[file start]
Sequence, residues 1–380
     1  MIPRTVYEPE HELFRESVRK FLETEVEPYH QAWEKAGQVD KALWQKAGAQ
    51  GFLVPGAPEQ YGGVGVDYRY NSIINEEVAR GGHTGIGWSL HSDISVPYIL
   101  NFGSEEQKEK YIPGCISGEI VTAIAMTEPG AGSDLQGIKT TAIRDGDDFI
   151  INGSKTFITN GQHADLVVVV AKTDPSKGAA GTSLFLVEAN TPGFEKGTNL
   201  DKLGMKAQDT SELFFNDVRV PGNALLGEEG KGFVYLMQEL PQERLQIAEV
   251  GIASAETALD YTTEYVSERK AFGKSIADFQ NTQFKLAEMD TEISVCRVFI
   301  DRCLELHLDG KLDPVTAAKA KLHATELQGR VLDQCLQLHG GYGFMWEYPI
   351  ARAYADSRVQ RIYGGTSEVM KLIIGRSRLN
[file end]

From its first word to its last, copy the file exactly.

Sequence, residues 1–380
     1  MIPRTVYEPE HELFRESVRK FLETEVEPYH QAWEKAGQVD KALWQKAGAQ
    51  GFLVPGAPEQ YGGVGVDYRY NSIINEEVAR GGHTGIGWSL HSDISVPYIL
   101  NFGSEEQKEK YIPGCISGEI VTAIAMTEPG AGSDLQGIKT TAIRDGDDFI
   151  INGSKTFITN GQHADLVVVV AKTDPSKGAA GTSLFLVEAN TPGFEKGTNL
   201  DKLGMKAQDT SELFFNDVRV PGNALLGEEG KGFVYLMQEL PQERLQIAEV
   251  GIASAETALD YTTEYVSERK AFGKSIADFQ NTQFKLAEMD TEISVCRVFI
   301  DRCLELHLDG KLDPVTAAKA KLHATELQGR VLDQCLQLHG GYGFMWEYPI
   351  ARAYADSRVQ RIYGGTSEVM KLIIGRSRLN